I Know You

The challenge to balance career, kids

By Melissa Stefanec

Tonight, I cried. Mind you, it wasn’t a “lock myself in the bathroom and sob” sort of cry. It was more of a “leave the bathroom door open so I can hear what the kids are up to” sort of cry. The sort that comes from being overwhelmed but too darned busy to let it all out.

Maybe it was because I worked straight through another day without a lunch or break. Maybe it was because I read another headline about mass shootings and was stricken with internal panic at the thought of my world being forever shattered by someone so lost and angry. Maybe it was the three times I awoke to a crying kid the night before. Maybe it was the tiny voice that pierced through the wee hours of the morning saying, “mommy, my bed is wet.” Maybe it was getting out of work just a few minutes too late and racing to pick up my kids, yet again. Maybe it was looking at my daughter’s first-grade classwork, seeing so many wrong answers and knowing I wouldn’t have time to help her tonight or, likely, tomorrow. Maybe it was thinking about getting up early tomorrow and taking me and my son to the dentist and then finding a way to make up the lost time at work. Maybe it was knowing that I would miss another night of exercise to make our appointments happen.

I won’t divulge the details, but most nights of the week, I parent solo. And, on these nights, I am simply in survival mode. There’s time for food, cleaning, preparation for the next day and sleep. There just isn’t time for all the good stuff that keeps my parenting tank full.

I couldn’t fill up my tank because there was dinner to be cooked and a table to set. There was a martial arts code to memorize before class next week.  After dinner, there was an unplanned and much-needed bath to give. There were papers to sign and checks to write that would be slipped into the ‘back to school’ side of the folder. Dinner had to be cleaned up, teeth and hair brushed, assigned reading completed and arguments to be had about using the potty and taking vitamins. There was laundry to be flipped and a blanket that wouldn’t be dry in time for bed.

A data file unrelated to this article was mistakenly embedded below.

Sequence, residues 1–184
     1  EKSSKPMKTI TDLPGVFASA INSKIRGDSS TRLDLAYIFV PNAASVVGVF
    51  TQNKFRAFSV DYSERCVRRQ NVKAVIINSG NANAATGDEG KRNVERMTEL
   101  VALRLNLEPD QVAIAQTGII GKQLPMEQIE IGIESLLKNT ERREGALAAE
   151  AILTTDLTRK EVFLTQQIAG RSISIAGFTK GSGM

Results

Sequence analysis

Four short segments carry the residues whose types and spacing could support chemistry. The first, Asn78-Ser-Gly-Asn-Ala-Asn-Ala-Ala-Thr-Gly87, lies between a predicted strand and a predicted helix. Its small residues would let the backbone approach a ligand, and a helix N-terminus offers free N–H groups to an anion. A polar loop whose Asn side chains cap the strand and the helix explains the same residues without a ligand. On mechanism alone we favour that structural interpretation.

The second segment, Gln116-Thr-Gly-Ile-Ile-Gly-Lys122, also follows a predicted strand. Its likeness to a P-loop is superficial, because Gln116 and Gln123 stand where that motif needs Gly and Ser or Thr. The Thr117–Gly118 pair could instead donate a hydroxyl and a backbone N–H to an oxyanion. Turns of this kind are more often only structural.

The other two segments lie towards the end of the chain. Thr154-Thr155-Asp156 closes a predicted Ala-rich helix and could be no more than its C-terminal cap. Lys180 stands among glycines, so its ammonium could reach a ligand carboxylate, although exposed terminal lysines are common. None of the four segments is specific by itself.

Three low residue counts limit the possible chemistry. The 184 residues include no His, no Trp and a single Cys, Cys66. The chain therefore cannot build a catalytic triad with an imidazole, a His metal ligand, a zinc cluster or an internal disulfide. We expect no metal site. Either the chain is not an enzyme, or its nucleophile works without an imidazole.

I won’t divulge the details, but most nights of the week, I parent solo. And, on these nights, I am simply in survival mode.

If you are looking for the sort of column that is going to give a lot of magic answers (be cool, and just say no to almost every invite), witty coping mechanisms (it’s wine o’clock somewhere) and Instagram-worthy filters for real-life moments, this isn’t that column.

This is where I admit there are many occasions when I feel like a failure as a parent. There are nights where my only recourse is to sneak a quick cry in with my potty break.

There are nights where I feel like my only parenting success is keeping my children alive and relatively free from harm. There are days where I just can’t deal with how little I am bringing to the table.

Some days, something big and awful happens, and it takes the wind out of my lungs. But, most days, it’s the culmination of many tiny missteps and many hours of missed sleep and recreation that unhinge me. I know I am not alone.

You see, I always imagined that if I became a mother, I would be the sort who would balance a career and kids. I thought I would have time for the important stuff, not just the bare necessities. I thought I would be the kind of mom who would make time for it all. I was never foolish enough to think it would be easy, but I thought I could do it.

As it turns out, I am right. I am the mom who makes time for it all. I am, in a thousand colloquial ways, pulling it off. What I never expected, is how pulling it off would make me feel sometimes. Debilitated. Lonely. Inadequate. Exhausted.

So, to all the parents sneaking a cry in the bathroom or pantry; I see you. To all the parents resorting to yelling after so much restraint; I feel you. To all the parents who were led to believe these challenges were surmountable; I too believed. To every parent who lets themselves believe they are some sort of failure; I am you. For every parent who faults themselves for getting bogged down in the day-to-day stuff; I share your guilt. I know I am not alone in this experience. I know you.

But, as we all also know, there is always a light at the end of the tunnel. At the end of my day of inadequacy, I tucked my two little ones into bed. I told my son I loved him forever, even when one of us is mad or sad. He smiled, gave me a huge hug and said, “I love you forever ever.”

Then, I crawled into bed with my daughter and replaced a common song with lyrics about our cats, and she laugh snorted. A little bit of failure fell away, and happiness snuck in. There was enough love to make me believe there would be no crying tomorrow. And, that is how this beautiful and strange show keeps playing out.